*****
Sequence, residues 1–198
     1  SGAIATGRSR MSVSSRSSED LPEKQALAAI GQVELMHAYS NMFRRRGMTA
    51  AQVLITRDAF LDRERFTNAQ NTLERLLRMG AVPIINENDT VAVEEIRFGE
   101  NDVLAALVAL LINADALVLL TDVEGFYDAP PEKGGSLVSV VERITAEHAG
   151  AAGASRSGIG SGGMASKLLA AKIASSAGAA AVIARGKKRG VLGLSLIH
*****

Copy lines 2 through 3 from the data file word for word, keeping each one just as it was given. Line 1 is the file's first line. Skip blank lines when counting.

     1  SGAIATGRSR MSVSSRSSED LPEKQALAAI GQVELMHAYS NMFRRRGMTA
    51  AQVLITRDAF LDRERFTNAQ NTLERLLRMG AVPIINENDT VAVEEIRFGE